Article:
|THE ORIGIN OF THE GYPSIES.|
IT has been repeated, until the remark has become accepted as a sort of truism, that the gypsies are a mysterious race, and that nothing is known of their origin. And a few years ago this was true; but within those years so much has been discovered that at present there is really no more mystery attached to the beginning of these nomads than is peculiar to many other peoples. What these discoveries or grounds of belief are we shall proceed to give briefly, our limits not permitting the detailed citation of authorities. First, then, there appears to be every reason for believing with Captain Richard Burton that the Jäts of Northwestern India furnished so large a proportion of the emigrants or exiles who, from the tenth century, went out of India westward, that there is very little risk in assuming it as an hypothesis, at least, that they formed the Hauptstamm of the gypsies of Europe. What other elements entered into these, with whom we are all familiar, will be considered presently. These gypsies came from India, where caste is established and callings are hereditary even among out-castes. It is not assuming too much to suppose that, as they evinced a marked aptitude for certain pursuits and an inveterate attachment to certain habits, their ancestors had in these respects resembled them for ages. These pursuits and habits were, that —
They were tinkers, smiths, and farriers.
They dealt in horses, and were naturally familiar with them.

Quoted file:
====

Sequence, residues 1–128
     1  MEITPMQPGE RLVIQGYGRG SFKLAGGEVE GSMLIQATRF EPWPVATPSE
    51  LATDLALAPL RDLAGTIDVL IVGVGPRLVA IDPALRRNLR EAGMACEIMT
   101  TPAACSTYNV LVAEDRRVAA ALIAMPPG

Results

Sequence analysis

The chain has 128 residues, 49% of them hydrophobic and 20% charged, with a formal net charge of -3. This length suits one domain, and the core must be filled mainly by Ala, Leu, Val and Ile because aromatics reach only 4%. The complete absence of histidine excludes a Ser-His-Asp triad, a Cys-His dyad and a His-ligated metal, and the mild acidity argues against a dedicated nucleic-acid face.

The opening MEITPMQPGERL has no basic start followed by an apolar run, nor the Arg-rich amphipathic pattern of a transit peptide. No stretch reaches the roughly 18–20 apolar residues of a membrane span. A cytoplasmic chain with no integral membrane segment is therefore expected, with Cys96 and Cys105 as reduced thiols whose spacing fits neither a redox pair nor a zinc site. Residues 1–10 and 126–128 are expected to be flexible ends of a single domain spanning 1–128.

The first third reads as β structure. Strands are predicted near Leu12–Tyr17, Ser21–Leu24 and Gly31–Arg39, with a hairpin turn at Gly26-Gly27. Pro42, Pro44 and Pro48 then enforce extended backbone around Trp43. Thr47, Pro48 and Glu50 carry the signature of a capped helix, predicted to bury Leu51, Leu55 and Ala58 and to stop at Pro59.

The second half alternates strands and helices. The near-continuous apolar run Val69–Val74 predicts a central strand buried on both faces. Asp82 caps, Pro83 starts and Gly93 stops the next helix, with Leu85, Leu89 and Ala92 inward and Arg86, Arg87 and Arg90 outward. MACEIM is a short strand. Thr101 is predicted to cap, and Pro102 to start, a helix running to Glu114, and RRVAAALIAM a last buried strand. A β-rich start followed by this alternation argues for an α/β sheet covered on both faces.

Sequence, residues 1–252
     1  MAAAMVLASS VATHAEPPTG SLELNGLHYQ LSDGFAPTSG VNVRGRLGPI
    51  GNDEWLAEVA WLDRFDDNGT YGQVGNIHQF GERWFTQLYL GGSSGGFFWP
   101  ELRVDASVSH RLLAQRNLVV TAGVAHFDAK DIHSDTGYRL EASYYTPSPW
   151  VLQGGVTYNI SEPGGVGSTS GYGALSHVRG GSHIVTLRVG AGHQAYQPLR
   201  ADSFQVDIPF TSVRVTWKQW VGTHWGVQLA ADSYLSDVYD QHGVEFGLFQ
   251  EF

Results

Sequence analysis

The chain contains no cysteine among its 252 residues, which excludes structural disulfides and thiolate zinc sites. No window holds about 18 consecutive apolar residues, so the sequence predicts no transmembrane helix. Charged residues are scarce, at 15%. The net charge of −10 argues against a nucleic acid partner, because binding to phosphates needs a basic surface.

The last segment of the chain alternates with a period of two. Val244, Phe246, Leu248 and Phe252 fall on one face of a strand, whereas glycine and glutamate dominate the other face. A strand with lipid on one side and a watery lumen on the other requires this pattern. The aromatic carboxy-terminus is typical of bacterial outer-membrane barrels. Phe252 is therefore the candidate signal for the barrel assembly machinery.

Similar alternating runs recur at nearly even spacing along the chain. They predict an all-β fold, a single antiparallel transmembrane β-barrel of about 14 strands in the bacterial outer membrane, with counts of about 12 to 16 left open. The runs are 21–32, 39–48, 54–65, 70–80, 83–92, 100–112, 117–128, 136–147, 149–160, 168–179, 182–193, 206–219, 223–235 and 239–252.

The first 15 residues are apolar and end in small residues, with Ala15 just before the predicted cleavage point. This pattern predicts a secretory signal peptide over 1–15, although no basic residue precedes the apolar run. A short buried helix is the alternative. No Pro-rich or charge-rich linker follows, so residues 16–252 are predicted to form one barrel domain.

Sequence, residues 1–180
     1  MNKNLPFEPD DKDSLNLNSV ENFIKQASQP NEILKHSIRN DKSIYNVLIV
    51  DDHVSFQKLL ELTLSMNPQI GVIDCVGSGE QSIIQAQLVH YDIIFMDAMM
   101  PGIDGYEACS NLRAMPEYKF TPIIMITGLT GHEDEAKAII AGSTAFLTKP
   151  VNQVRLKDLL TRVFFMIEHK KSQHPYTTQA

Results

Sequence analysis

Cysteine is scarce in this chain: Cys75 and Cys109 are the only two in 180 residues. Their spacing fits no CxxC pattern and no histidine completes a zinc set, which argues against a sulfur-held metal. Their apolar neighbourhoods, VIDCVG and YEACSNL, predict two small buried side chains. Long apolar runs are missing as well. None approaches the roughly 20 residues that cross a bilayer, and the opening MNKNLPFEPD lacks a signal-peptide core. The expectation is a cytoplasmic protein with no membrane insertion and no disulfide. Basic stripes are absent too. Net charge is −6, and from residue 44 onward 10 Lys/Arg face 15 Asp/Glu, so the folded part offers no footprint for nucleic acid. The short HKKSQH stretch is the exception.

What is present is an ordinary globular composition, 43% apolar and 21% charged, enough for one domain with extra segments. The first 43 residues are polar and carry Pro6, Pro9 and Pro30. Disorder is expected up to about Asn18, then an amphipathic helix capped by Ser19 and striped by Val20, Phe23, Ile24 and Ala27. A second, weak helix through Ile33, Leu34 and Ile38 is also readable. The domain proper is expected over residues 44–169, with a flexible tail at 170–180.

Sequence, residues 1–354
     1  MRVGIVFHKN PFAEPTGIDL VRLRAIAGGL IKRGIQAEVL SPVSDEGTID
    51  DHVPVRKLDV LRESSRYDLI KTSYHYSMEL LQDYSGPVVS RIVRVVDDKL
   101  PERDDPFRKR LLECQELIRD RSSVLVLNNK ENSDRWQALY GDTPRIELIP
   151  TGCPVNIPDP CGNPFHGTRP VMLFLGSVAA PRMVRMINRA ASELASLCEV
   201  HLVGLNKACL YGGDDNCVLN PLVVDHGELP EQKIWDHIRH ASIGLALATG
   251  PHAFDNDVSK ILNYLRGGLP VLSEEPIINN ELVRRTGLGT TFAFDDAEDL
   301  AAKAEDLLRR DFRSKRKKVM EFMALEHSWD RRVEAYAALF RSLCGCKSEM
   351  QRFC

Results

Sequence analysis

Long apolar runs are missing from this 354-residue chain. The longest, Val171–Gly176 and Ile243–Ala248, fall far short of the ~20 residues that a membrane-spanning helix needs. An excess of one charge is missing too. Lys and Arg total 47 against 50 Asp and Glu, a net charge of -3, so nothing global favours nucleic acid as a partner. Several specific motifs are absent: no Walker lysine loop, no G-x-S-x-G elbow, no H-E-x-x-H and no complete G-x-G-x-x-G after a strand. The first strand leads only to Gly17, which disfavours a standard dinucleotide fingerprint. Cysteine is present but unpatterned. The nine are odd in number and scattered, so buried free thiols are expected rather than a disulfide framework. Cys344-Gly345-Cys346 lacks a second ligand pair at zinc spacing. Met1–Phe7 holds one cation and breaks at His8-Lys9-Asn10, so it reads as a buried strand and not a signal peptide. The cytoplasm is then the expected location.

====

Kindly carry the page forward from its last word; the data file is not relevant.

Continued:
They were without religion.
They were unscrupulous thieves.
Their women were fortune-tellers, especially by chiromancy.
They ate without scruple animals which had died a natural death, being especially fond of the pig, which, when it has thus been "butchered by God," is still regarded even by the most prosperous gypsies in England as a delicacy.
They flayed animals, carried corpses, and showed such aptness for these and similar detested callings that in several European countries they long monopolized them.
They made and sold mats, baskets, and small articles of wood.
They have shown great skill as dancers, musicians, singers, acrobats; and it is a rule almost without exception that there is hardly a traveling company of such performers, or a theatre in Europe or America, in which there is not at least one person with some Romany blood.
Their hair remains black to advanced age, and they retain it longer than do Europeans or ordinary Orientals.
They speak an Aryan tongue, which agrees in the main with that of the Jäts, but which contains words gathered from other Indian sources.
Admitting these as the peculiar pursuits of the race, the next step